* * * * *

Excuse me for writing about nothing but food. If I did not write about food I should have to write about cold, for I have no other subjects.

* * * * *

April 29, 1890.


The Kama is a very dull river. To realise its beauties one would have to be a native sitting motionless on a barge beside a barrel of naphtha, or a sack of dried fish, continually taking a pull at the bottle. The river banks are bare, the trees are bare, the earth is a dull brown, there are patches of snow, and there is such a wind that the devil himself could not blow as keenly and hatefully. When a cold wind blows and ruffles up the water, which now after the floods is the colour of coffee slops, one feels cold and bored and miserable; the strains of a concertina on the bank sound dejected, figures in tattered sheepskins standing motionless on the barges that meet us look as though they were petrified by some unending grief. The towns on the Kama are grey; one would think the inhabitants were employed in the manufacture of clouds, boredom, soaking fences and mud in the streets, as their sole occupation. The stopping-places are thronged with inhabitants of the educated class, for whom the arrival of a steamer is an event. . . .

. . . To judge from appearances not one of them earns more than thirty-five roubles, and all of them are ailing in some way.

I have told you already there are some legal gentlemen in the steamer: the president of the court, one of the judges, and the prosecutor. The president is a hale and hearty old German who has embraced Orthodoxy, is pious, a homoeopath, and evidently a devotee of the sex. The judge is an old man such as dear Nikolay used to draw; he walks bent double, coughs, and is fond of facetious subjects. The prosecutor is a man of forty-three, dissatisfied with life, a liberal, a sceptic, and a very good-natured fellow. All the journey these gentlemen have been occupied in eating, settling mighty questions and eating, reading and eating. There is a library on the steamer, and I saw the prosecutor reading my “In the Twilight.” They began talking about me. Mamin-Sibiryak, who has described the Urals, is the author most liked in these parts. He is more talked of than Tolstoy.

I have been two and a half years sailing to Perm, so it seems to me. We reached there at two o’clock in the night. The train went at six o’clock in the evening. I had to wait. It rained. Rain, cold, mud . . . brrr! The Uralsky line is a good one. . . . That is due to the abundance of business-like people here, factories, mines, and so on, for whom time is precious.

Waking yesterday morning and looking out of the carriage window I felt an aversion for nature: the earth was white, trees covered with hoar-frost, and a regular blizzard pursuing the train. Now isn’t it revolting? Isn’t it disgusting? . . . I have no goloshes, I pulled on my big boots, and on my way to the refreshment-room for coffee I made the whole Ural region smell of tar. And when we got to Ekaterinburg there was rain, snow, and hail. I put on my leather coat. The cabs are something inconceivable, wretched, dirty, drenched, without springs, the horse’s four legs straddling, huge hoofs, gaunt spines . . . the droshkies here are a clumsy parody of our britchkas. A tattered top is put on to a britchka, that is all. And the more exactly I describe the cabman here and his vehicle, the more it will seem like a caricature. They drive not on the middle of the road where it is jolting, but near the gutter where it is muddy and soft. All the cabmen are like Dobrolyubov.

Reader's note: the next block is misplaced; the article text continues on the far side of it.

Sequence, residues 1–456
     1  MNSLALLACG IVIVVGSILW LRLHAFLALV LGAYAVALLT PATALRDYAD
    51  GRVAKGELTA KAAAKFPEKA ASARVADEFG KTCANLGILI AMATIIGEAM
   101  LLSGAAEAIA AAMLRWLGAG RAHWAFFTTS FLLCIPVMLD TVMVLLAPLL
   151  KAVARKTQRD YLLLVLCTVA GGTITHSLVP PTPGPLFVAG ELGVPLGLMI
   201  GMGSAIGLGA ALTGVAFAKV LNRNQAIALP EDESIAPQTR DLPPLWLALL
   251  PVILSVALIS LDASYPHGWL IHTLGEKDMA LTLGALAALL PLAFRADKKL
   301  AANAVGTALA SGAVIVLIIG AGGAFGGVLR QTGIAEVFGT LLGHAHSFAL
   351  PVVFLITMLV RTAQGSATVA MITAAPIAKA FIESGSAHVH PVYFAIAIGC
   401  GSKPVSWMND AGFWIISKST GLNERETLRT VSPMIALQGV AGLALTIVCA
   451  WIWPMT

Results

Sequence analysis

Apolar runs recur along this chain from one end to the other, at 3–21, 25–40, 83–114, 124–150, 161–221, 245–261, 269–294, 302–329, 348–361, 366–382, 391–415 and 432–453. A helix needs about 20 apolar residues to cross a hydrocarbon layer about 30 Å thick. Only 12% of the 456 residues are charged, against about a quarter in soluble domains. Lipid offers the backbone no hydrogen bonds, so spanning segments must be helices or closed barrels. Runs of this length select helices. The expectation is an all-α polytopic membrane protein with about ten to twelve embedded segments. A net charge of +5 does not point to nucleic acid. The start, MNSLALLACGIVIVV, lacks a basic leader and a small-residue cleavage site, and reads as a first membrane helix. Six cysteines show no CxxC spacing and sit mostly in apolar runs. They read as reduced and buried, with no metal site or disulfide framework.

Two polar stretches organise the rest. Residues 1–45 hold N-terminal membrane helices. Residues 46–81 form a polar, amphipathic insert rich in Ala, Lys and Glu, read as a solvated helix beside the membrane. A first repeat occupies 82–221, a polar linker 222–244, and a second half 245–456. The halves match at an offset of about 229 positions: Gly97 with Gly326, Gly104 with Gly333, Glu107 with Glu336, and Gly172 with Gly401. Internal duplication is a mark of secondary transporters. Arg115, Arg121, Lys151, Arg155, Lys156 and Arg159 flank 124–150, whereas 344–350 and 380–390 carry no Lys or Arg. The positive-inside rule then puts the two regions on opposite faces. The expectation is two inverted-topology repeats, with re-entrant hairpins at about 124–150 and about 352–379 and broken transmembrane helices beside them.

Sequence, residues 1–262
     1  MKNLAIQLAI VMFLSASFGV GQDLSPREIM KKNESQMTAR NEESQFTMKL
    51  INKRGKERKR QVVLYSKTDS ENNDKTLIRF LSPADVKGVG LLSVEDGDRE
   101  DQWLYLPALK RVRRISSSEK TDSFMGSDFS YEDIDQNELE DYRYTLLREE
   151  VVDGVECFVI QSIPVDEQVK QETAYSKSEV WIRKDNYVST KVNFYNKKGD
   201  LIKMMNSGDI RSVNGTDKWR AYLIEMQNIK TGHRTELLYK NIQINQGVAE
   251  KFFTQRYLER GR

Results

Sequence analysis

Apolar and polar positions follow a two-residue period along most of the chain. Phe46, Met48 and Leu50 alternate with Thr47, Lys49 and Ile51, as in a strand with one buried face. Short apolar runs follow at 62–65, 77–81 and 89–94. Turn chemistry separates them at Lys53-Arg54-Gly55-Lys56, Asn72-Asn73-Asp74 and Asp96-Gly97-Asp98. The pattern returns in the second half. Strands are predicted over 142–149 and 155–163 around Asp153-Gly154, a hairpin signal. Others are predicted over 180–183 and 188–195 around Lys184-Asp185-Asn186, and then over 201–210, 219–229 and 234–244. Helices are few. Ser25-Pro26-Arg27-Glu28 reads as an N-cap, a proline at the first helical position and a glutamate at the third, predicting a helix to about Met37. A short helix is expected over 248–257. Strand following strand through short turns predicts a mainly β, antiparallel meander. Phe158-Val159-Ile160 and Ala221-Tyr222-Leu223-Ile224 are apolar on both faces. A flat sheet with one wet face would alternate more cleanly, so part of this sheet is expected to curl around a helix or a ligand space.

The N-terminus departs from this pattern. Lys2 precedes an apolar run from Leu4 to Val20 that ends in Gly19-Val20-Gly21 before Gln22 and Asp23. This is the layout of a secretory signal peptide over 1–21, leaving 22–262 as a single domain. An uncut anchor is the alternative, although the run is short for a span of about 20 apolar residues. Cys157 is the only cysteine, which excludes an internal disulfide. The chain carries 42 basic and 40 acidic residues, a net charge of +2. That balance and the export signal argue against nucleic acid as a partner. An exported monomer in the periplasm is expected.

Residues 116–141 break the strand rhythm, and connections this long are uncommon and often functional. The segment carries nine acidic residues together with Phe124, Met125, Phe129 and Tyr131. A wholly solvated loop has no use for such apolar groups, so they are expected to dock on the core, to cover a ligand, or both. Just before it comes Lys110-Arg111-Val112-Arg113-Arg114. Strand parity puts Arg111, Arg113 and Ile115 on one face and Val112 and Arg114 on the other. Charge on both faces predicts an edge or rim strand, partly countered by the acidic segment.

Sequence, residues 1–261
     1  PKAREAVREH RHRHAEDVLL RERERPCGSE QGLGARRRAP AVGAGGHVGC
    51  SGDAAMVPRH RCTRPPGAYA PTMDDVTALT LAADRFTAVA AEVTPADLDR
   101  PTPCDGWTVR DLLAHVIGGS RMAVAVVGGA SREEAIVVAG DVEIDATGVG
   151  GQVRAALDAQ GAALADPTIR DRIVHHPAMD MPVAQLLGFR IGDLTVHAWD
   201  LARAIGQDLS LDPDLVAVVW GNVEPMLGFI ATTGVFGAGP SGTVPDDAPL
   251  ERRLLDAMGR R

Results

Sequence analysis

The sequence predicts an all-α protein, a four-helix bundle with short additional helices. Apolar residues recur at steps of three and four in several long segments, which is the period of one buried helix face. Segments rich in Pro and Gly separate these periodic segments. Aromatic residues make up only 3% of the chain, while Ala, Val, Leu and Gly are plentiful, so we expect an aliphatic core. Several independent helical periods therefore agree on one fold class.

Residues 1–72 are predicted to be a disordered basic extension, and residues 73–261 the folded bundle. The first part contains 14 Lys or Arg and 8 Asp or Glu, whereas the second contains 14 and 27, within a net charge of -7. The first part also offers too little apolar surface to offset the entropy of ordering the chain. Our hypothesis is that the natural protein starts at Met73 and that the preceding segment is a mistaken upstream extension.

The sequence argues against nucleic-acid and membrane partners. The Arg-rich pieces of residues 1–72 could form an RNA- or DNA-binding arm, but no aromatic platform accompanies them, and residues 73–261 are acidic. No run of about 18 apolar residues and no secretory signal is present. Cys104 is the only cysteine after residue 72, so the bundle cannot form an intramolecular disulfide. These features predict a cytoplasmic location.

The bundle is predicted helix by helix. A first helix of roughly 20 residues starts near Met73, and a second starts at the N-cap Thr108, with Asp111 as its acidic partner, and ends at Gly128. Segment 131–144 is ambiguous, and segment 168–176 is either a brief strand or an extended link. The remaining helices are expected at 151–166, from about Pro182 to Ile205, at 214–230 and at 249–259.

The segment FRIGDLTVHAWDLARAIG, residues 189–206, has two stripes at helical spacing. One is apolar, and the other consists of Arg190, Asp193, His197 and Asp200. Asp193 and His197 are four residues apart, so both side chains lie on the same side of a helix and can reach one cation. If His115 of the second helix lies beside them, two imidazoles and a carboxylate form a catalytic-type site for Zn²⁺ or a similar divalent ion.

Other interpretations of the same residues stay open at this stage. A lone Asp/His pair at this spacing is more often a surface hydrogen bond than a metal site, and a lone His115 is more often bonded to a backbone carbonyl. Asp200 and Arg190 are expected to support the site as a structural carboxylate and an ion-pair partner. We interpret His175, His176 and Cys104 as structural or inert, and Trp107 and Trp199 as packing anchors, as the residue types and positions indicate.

In Russia all the towns are alike. Ekaterinburg is exactly the same as Perm or Tula. The note of the bells is magnificent, velvety. I stopped at the American Hotel (not at all bad), and at once sent word of my arrival to A. M. S., telling him I meant to stay in my hotel room for two days.

The people here inspire the newcomer with a feeling akin to horror. They are big-browed, big-jawed, broad-shouldered fellows with huge fists and tiny eyes. They are born in the local iron foundries, and at their birth a mechanic officiates instead of an accoucheur. A specimen comes into your room with a samovar or a bottle of water, and you expect him every minute to murder you. I stand aside. This morning just such a one came in, big-browed, big-jawed, huge, towering up to the ceiling, seven feet across the shoulders and wearing a fur coat too.

Well, I thought, this one will certainly murder me. It appeared that this was our relation A. M. S. We began to talk. He is a member of the local Zemstvo and manager of his cousin’s mill, which is lighted by electric light; he is editor of the Ekaterinburg Week which is under the censorship of the police-master Baron Taube, is married and has two children, is growing rich and getting fat and elderly, and lives in a “substantial way.” He says he has no time to be bored. He advised me to visit the museum, the factories, and the mines; I thanked him for his advice. He invited me to tea to-morrow evening; I invited him to dine with me. He did not invite me to dinner, and altogether did not press me very much to visit him. From this mother may conclude that the relations’ heart is not softened. . . . Relations are a race in which I take no interest.

There is snow in the street, and I have purposely let down the blind over the windows so as not to see the Asiatic sight. I am sitting here waiting for an answer from Tyumen to my telegram. I telegraphed: “Tyumen. Kurbatov steamer line. Reply paid. Inform me when the passenger steamer starts Tomsk.” It depends on the answer whether I go by steamer or gallop fifteen hundred versts in the slush of the thaw.

All night long they beat on sheets of iron at every corner here. You need a head of iron not to go crazy from the incessant clanging. To-day I tried to make myself coffee. The result was a horrid mess. I just drank it with a shrug. I looked at five sheets, handled them, and did not take one. I am going to-day to buy rubber overshoes.

* * * * *

Shall I find a letter from you at Irkutsk?

Ask Lika not to leave such big margins in her letters.

Your Homo Sachaliensis,
A. Chekhov.


Last updated Sunday, March 27, 2016 at 11:53